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Hot Rod 3-Pack: 1963 1/2 Ford Galaxies

HOT ROD logo HOT ROD 7/8/2020 Tim Bernsau,Hot Rod Archives
a car parked on the side of a road: 001-1963-FORD-GALAXIE-THREE-PACK © Hot Rod Archives 001-1963-FORD-GALAXIE-THREE-PACK

Three Favorites from Ford's Greatest High-Performance Full-Size

The branch of the hot-rodding family tree known as street cruisers has continued to grow in popularity in the 10-15 years because rodders started paying serious attention to full-sized 1950s and 1960s cars. Ford Galaxies are one of our favorite candidates for that category. To narrow it down further, the 1963 1/2 mid-year models just might be our favorite Galaxies. Here's a trio of our favorite 1963 1/2 Galaxies from recent years. Each one represents a different approach to hot rodding. Which one is your favorite?

The Owner-Built Driver

The street rods that Dave Lane builds for his FastLane Rod Shop customers regularly win prestigious awards at the biggest shows, but his personal 1963 1/2 Ford Galaxie was built on a real-world budget. Lane said he decided to build the Galaxie the way he would have if he had been a rodder in the early '60s. His goal back then, as now, would be to build a sleeper—mostly stock looking on the outside, but with a few out-of-sight surprises.

Exterior modifications were limited to removing some trim pieces and chroming some others. The Corinthian White paint is a factory color. The blackwall radial tires are beefier than '60s tires but aren't radically oversized and look relatively mild mounted on 15-inch wheels. The lowered stance, achieved with RideTech shocks and other contemporary suspension parts, is a subtle hint that there might be something more to this car.

"Something more" would be the 625-hp all-aluminum 427 FE-type engine, built by Randy Pond Motorsports. The 8-stack EFI set-up resembles '60s injection but features modern Holley HP EFI electronics and hidden injectors.

Inside is as (relatively) mild as the exterior, with a floor shifter and Rotunda tach providing clues that this cruiser belongs to a hot rodder. Dave Lane had his owner-built 1963 1/2 Galaxie in the Hot Rod Industry Alliance display on Hot Rod Alley at the 2014 SEMA Show, where we (and a million other people) shot our photos. Read the full story here.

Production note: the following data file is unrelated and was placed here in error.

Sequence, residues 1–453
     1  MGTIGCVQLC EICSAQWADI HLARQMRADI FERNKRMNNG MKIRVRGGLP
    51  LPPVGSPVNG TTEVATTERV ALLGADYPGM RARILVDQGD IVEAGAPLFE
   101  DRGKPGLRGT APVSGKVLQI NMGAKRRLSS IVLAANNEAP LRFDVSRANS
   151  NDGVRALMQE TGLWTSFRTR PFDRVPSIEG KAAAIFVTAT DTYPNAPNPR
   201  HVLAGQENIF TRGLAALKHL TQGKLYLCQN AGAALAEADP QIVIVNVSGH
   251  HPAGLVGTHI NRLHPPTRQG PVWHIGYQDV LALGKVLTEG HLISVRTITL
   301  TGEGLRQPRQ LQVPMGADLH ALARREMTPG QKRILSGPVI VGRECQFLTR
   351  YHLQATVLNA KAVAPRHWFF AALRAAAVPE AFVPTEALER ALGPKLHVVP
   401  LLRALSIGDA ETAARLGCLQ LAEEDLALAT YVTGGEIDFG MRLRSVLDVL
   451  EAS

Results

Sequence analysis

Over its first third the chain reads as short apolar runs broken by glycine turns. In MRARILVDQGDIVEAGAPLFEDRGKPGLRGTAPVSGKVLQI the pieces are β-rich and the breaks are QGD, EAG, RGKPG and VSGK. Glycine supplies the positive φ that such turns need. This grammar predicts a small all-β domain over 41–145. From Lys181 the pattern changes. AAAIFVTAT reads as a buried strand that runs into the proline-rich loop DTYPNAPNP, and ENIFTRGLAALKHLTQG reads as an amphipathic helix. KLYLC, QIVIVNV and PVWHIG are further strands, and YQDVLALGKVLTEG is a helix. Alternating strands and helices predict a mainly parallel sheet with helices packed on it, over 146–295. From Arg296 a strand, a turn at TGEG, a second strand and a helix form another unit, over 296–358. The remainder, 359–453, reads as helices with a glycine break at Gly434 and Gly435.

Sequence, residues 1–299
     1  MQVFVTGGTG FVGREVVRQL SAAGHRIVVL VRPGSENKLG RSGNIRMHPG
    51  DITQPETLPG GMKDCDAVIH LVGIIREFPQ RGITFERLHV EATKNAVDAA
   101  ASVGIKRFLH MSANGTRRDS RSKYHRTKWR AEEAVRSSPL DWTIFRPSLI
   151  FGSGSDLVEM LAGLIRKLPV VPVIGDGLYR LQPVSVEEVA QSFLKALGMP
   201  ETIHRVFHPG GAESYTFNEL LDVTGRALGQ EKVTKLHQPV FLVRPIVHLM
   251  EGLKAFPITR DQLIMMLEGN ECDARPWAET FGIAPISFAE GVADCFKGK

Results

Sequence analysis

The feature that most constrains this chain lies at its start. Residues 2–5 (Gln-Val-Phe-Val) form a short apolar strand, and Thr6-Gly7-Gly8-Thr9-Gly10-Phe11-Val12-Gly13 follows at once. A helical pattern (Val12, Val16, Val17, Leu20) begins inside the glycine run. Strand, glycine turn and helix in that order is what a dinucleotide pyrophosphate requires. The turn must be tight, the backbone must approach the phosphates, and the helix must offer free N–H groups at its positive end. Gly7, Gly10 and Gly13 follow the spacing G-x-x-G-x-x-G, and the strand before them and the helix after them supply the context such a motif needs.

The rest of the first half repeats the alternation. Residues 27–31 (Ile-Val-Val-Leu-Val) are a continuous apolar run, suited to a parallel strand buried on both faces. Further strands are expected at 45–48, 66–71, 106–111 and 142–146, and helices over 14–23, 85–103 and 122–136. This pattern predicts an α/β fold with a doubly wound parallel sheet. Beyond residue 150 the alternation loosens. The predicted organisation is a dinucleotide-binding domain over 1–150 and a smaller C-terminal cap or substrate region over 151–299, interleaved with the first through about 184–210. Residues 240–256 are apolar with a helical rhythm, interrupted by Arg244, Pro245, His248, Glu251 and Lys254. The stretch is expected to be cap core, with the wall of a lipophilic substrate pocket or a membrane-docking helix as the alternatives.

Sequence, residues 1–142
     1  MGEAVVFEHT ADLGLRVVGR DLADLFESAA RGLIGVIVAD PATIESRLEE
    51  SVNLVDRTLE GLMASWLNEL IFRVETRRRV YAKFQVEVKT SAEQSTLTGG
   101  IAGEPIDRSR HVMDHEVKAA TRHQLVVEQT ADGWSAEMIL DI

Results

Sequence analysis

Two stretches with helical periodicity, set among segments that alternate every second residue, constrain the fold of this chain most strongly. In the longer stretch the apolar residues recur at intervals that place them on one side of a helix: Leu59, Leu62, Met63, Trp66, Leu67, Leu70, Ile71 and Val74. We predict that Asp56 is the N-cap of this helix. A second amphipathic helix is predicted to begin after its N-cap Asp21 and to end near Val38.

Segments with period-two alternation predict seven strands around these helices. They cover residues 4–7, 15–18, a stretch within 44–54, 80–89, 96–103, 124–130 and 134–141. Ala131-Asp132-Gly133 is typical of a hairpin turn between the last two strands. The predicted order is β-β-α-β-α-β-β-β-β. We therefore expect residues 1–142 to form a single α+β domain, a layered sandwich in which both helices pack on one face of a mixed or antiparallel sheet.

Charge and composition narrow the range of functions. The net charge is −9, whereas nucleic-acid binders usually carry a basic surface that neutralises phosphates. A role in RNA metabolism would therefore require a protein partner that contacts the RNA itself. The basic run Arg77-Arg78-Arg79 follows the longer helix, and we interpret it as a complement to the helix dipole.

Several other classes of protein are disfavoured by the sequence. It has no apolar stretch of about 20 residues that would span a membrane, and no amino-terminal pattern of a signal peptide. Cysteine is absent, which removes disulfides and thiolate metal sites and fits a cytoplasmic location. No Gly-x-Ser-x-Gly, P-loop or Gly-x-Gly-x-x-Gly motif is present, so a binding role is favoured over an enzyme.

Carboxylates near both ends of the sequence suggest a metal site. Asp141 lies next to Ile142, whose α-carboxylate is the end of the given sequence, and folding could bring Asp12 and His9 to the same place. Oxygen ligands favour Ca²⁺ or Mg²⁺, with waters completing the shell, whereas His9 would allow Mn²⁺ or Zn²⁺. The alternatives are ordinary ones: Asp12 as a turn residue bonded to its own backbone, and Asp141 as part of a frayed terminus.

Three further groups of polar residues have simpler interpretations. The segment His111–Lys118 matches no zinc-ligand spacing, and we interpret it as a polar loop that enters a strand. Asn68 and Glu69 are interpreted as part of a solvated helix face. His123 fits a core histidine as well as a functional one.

The Sensational Show-Stopper

After winning a Street Rodder Top 100 award at the 2018 Street Rod Nationals, Bruce and Judy Ricks brought their dark green 1963 1/2 Galaxie 500 to the Shades of the Past Hot Rods Roundup, where it won Best Street Cruiser in the Triple Crown of Rodding competition. A few months later, it earned Ford's "Best of Show" for Outstanding Achievement Design Award at the SEMA Show.

When purchased from collector/racer George Poteet, this was a stocker with a bench seat and 220-hp 352-inch Ford FE engine. That started to change as soon as Steve Cook Creations started to work. As with Dave Lane's Galaxie, the outward appearance remains unmodified, right down to '60s-style Diamond Back redline tires on 15-inch steelies. The big change was made under the hood, with a 622-hp 496-inch FE built by Craft Performance Engines.

The factory frame was kept, and the suspension was beefed up with Fatman Fabrications drop spindles and tubular control arms in front, a Kugel Komponents 9-inch with 4.10:1 gears and locker differential in the rear, and RideTech adjustable shocks all around.

The bench seat was replaced by Galaxie 500 XL buckets, upholstered in leather by Sculpt Garage. Other modern amenities include Vintage Air A/C, a Kicker stereo, and Dakota Digital gauges in a 1963 Mercury dash.

Their car has been a stunning success on the show circuit, but the Ricks had more in mind for their 1963 1/2 Galaxie than collecting trophies. It's not really a Street Cruiser if it doesn't cruise on the street—and that's exactly what it does. Read the full story here.

The Restored Iconic Race Car

Street cruiser 1963 1/2 Galaxies like Dave Lane's and Bruce and Judy Ricks' owe their existence to Ford's race-built Galaxies, like John Karelius' authentic Galaxie 500 Lightweight factory drag car.

The aerodynamic "Sports Hardtop" fastback roof and the new 425-hp 427 engine were part of Ford's efforts to keep a competitive edge in NASCAR racing. But the mid-year Galaxie wasn't just about winning on circle tracks. Ford wanted to win drag races too, and he built 200 Galaxie 500 Lightweights to compete in NHRA's Super Stock class.

In order to reduce weight, these cars featured a fiberglass hood and decklid, glass fenders, aluminum bumpers, and plexiglass side windows. The factory bench seat was replaced with lightweight buckets. The armrests, radio, clock, heater, and carpet were deleted.

The 427s were topped with dual Holley four-barrel carbs and backed by a Borg-Warner T10 four-speed transmission. The Ford 9-inch rearends were packed with 4.11:1 gears. Firestone front tires and Firestone Dragster cheater slicks were mounted on 15-inch steel wheels. All the Galaxie Lightweights wore Corinthian White paint.

Les Ritchey was one of the best-known drivers achieving Super Stock success in Ford's Lightweights. John Karelius is Ritchey's nephew and the owner of one of these rare Lightweights. He found the original-condition car in Arizona, but he discovered that it had raced on the East Coast in the '60s. Karelius brought the rare Galaxie to California, where it was restored to original condition at Kugel Komponents. The full story was written by Richard Truesdell for the June 2017 issue of Muscle Car Review magazine. Read the full story here.


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